UT vs. Georgia State University
Jordan Allen, #8, rushes with the ball in hand during the Georgia State football game on August 31, 2019 in Neyland Stadium.
 

Tennessee coach Jeremy Pruitt has been no stranger to scrutiny over the past five days.

Whether it be from fans or the media, the Vols’ leading man has heard his fair share of criticism since UT’s loss to Georgia State on Saturday. For better or worse, he’s taken it in stride and kept the team’s focus fixated on the task at hand.

“Everybody has gone back to work. It wasn’t like we went into last week and didn’t have good practices, we’ve had good practices all camp,” Pruitt said. “I’m talking about effort, trying to do it the right way.”

Indeed Tennessee will be looking to do things the right way as perhaps its biggest matchup of the season looms.

While it seems unfathomable to think that the Vols’ biggest game of the year comes against a non-conference opponent, their performance on Saturday has already put their season at risk despite lofty expectations.

Their head coach is well aware and has looked to correct that in practice this week. Pruitt’s only hope is that that effort will carry over.

“We didn’t have good execution on game day, and that’s where it counts,” Pruitt said. “It’s those 60 minutes, so it’s what we got to do. We’ve got to take it from the practice field to the game field.”

Those 60 minutes were the difference between what could have been an emphatic season-opening win and what is now the most embarrassing start to a UT football season in decades.

For the young players, it provided an opportunity to grow both on the field and in the locker room, something Pruitt feels has been lacking despite the work ethic displayed throughout fall camp.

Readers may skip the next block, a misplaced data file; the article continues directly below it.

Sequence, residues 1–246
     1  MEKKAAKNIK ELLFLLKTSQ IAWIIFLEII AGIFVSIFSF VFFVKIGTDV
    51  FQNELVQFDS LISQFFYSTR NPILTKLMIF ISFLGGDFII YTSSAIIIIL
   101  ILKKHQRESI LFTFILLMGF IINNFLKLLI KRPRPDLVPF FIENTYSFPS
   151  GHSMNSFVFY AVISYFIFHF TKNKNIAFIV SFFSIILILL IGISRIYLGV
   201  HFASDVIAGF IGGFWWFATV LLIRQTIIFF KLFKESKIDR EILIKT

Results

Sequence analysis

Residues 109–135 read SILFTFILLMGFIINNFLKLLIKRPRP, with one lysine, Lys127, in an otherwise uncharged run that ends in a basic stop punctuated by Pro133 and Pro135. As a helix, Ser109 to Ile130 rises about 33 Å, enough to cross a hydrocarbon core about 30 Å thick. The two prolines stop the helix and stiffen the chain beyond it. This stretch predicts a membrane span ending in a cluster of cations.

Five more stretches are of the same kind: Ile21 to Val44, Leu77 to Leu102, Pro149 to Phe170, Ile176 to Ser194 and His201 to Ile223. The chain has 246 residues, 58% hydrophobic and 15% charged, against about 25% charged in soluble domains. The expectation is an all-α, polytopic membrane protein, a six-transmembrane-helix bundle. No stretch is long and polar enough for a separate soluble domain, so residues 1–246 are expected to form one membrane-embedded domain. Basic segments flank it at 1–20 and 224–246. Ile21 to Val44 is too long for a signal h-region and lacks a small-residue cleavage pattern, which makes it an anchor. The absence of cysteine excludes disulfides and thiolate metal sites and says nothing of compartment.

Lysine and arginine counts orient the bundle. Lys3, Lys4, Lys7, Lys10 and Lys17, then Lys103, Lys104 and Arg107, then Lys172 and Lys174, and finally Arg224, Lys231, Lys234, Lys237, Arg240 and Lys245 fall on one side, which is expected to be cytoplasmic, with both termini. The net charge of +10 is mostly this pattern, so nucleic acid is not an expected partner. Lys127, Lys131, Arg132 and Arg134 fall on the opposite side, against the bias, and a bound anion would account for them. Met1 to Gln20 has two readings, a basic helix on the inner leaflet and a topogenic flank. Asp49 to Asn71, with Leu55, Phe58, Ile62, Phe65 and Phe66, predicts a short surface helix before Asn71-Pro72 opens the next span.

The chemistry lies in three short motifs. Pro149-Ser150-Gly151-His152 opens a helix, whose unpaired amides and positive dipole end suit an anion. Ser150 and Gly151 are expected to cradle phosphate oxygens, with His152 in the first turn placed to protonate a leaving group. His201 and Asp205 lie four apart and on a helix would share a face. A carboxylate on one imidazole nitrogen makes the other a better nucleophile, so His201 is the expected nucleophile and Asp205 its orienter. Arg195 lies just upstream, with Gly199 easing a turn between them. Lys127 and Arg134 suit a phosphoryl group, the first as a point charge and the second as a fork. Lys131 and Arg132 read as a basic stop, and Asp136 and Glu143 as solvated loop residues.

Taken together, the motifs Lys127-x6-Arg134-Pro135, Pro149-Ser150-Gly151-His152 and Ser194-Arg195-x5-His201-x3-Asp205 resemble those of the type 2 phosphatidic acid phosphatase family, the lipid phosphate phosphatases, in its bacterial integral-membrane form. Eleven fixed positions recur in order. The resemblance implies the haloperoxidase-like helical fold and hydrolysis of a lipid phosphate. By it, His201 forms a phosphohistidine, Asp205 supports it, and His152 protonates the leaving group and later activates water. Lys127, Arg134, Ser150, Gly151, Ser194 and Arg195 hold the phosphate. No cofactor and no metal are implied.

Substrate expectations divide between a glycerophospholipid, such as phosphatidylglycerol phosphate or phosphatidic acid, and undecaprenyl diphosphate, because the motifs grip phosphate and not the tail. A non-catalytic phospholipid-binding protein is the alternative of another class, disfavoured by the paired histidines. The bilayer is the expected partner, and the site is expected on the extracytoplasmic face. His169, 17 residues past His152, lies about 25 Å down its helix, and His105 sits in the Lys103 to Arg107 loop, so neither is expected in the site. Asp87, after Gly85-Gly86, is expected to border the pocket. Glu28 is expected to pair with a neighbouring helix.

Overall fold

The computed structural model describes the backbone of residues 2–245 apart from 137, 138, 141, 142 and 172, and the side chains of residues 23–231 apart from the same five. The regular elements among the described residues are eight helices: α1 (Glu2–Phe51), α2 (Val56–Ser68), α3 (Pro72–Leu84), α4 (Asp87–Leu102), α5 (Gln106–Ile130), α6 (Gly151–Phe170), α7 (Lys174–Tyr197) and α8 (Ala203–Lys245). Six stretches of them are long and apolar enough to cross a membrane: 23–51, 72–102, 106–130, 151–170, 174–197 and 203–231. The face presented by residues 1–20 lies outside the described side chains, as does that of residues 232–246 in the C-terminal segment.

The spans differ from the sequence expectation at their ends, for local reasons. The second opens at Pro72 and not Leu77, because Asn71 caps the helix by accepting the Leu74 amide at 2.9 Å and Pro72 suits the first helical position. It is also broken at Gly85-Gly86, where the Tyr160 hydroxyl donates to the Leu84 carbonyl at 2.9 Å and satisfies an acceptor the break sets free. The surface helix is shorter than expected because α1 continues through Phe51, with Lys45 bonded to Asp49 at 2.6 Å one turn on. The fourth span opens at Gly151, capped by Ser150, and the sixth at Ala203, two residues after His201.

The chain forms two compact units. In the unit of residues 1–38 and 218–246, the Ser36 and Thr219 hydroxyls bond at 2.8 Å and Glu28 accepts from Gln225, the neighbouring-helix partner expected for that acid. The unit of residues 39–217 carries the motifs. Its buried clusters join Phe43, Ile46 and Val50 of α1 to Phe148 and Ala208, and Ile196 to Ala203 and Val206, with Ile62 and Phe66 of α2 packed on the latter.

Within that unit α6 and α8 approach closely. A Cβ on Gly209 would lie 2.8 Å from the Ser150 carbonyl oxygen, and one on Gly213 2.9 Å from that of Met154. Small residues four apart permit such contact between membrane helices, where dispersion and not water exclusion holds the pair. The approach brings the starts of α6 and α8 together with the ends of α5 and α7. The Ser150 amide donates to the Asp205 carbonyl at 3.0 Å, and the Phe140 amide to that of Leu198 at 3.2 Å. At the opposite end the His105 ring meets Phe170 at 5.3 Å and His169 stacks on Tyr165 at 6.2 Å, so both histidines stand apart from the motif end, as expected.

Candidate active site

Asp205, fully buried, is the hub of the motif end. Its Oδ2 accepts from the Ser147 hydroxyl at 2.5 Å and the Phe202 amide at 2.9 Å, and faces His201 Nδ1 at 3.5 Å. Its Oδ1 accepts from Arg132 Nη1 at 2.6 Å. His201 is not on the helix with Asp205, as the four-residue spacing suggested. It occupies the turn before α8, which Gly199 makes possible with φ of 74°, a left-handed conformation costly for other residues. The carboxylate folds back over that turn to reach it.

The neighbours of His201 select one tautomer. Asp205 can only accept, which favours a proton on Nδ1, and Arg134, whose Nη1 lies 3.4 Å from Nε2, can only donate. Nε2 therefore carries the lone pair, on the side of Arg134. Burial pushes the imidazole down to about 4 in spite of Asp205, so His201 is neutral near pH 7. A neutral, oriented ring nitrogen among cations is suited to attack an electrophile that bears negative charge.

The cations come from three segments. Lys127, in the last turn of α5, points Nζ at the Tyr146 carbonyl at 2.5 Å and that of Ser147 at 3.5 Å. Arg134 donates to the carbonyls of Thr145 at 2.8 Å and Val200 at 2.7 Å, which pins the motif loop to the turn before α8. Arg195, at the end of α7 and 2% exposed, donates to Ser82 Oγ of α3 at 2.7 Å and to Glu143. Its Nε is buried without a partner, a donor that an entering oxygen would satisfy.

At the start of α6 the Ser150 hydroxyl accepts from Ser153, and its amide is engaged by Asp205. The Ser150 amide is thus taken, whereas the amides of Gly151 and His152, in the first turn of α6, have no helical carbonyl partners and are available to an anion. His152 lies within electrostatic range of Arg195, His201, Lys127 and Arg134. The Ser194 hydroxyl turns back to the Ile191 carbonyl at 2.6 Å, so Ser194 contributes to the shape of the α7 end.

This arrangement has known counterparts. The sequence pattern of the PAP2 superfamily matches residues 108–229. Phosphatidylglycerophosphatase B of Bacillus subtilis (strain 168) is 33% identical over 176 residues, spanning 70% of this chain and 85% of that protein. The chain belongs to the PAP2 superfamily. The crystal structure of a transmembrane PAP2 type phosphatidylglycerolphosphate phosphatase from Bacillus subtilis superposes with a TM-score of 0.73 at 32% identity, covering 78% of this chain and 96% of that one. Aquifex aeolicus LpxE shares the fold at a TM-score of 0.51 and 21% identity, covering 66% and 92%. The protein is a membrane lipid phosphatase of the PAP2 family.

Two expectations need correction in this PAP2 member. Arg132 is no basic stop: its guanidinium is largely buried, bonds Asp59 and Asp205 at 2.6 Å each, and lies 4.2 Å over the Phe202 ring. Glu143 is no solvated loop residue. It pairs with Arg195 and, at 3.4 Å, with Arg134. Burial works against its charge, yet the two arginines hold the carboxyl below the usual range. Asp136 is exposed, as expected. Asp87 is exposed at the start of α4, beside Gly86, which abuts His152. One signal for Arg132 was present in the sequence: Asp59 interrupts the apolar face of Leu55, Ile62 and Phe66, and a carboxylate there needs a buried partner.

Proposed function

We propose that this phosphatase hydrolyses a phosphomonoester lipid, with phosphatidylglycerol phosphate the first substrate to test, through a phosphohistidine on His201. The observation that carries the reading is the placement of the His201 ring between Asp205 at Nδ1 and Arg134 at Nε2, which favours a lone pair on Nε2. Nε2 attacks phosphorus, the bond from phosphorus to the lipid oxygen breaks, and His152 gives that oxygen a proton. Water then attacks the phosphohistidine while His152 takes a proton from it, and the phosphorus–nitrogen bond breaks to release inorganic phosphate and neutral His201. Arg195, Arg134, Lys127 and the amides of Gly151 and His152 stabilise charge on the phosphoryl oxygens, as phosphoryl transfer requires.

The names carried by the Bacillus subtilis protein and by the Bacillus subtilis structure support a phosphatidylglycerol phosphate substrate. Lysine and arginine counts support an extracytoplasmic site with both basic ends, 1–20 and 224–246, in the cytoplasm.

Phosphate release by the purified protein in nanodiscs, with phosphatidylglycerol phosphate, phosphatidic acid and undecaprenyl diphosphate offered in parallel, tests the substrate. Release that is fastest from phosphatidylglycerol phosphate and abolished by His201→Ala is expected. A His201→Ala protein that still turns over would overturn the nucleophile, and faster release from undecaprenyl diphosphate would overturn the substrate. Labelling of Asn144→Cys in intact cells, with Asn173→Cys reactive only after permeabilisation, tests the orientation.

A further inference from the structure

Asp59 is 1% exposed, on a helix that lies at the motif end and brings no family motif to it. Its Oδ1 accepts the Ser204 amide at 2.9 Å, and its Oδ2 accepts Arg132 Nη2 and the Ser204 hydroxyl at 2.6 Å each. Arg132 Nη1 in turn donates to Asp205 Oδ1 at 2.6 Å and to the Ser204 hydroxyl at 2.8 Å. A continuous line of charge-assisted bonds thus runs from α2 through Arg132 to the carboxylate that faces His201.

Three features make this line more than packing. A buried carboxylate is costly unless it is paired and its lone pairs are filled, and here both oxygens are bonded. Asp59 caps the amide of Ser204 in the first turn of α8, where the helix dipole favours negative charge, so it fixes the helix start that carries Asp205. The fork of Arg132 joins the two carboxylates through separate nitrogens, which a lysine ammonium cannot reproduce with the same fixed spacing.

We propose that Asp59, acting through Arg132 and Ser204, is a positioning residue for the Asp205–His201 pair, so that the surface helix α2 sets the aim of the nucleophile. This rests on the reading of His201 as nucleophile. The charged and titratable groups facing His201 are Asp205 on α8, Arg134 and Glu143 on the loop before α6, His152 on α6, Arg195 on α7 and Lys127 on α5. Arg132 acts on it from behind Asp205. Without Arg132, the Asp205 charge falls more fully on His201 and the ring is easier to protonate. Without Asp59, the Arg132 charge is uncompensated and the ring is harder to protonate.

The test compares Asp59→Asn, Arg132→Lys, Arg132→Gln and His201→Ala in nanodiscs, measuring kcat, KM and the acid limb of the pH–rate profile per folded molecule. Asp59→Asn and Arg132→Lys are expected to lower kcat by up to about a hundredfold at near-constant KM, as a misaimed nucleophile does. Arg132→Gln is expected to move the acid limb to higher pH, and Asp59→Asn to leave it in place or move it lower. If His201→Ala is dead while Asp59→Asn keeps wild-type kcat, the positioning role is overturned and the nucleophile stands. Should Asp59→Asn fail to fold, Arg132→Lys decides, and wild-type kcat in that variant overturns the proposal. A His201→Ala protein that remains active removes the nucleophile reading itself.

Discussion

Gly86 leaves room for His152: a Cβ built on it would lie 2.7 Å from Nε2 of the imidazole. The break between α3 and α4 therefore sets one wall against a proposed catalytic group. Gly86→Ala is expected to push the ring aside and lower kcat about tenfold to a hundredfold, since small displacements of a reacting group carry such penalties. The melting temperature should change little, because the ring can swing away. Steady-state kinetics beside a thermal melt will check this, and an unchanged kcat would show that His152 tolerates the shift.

“It comes with continuing to coach them up and developing them as football players,” Pruitt said. “These guys are working hard.”

With hard work comes tough conversations, and all players were the subject of that following Saturday’s loss. None of those conversations came by way of the coaching staff, however.

Instead, a players-only meeting was held, something Pruitt praised on Wednesday when addressing the media.

“It’s their team. If you’re invested in something and you have passion about something, you confront people,” Pruitt said. “That’s what leaders do. So that’s good to see.”

At the forefront of that meeting was Jauan Jennings.

The redshirt senior receiver, after declaring himself the leader of the team on Tuesday, continues to back up his claims on the practice field.

Much to the delight of Pruitt, the same passion for the game that Jennings displayed when he arrived in Knoxville has spearheaded the Vols’ efforts in training this week. Only this time, there is much more at stake.

“The guy (Jauan) just really loves ball, he really loves ball. He loves to practice, loves to compete,” Pruitt said. “(We) usually have to slow him down at practice.”

As Tennessee’s matchup with BYU steadily approaches, it will certainly be looking to right the ship before SEC play commences.

Luckily for the Vols, they have plenty of time to work before that.

“Our guys are kind of sticking their noses to the ground and going at it as hard as they can,” Pruitt said. “That’s what they’ve got to do, and that’s what everybody’s got to do.”

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